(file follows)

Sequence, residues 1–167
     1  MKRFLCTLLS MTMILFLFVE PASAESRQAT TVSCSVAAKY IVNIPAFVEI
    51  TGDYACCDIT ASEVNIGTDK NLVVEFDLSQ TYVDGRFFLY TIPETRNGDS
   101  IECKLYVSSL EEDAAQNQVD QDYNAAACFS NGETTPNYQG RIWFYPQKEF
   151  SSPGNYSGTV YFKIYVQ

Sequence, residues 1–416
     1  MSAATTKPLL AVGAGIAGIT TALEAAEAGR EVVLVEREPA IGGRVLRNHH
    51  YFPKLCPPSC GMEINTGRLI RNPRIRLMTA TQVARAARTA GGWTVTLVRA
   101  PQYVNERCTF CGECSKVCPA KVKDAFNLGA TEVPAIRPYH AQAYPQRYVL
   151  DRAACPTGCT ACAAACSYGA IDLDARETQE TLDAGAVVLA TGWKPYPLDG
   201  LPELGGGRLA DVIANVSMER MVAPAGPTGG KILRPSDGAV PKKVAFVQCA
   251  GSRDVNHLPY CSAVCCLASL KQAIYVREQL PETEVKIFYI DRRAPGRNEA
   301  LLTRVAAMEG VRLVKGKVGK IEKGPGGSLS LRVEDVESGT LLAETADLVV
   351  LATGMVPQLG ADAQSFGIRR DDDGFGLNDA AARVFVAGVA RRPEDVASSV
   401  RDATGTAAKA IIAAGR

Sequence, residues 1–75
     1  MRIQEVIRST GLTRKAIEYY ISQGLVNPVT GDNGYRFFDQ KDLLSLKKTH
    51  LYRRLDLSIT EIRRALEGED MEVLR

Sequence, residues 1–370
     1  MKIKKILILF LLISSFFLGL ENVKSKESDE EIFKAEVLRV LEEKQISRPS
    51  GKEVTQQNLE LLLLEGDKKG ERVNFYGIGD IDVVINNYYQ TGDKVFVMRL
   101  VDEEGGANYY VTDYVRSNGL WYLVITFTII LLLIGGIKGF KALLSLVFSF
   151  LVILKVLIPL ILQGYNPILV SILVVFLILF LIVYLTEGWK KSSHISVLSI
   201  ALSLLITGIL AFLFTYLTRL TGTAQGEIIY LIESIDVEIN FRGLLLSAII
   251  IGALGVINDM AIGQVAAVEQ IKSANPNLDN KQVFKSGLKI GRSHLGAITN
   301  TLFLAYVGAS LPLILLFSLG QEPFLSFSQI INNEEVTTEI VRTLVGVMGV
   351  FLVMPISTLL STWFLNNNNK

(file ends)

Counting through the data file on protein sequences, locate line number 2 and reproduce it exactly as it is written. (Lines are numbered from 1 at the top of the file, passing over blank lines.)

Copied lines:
     1  MKRFLCTLLS MTMILFLFVE PASAESRQAT TVSCSVAAKY IVNIPAFVEI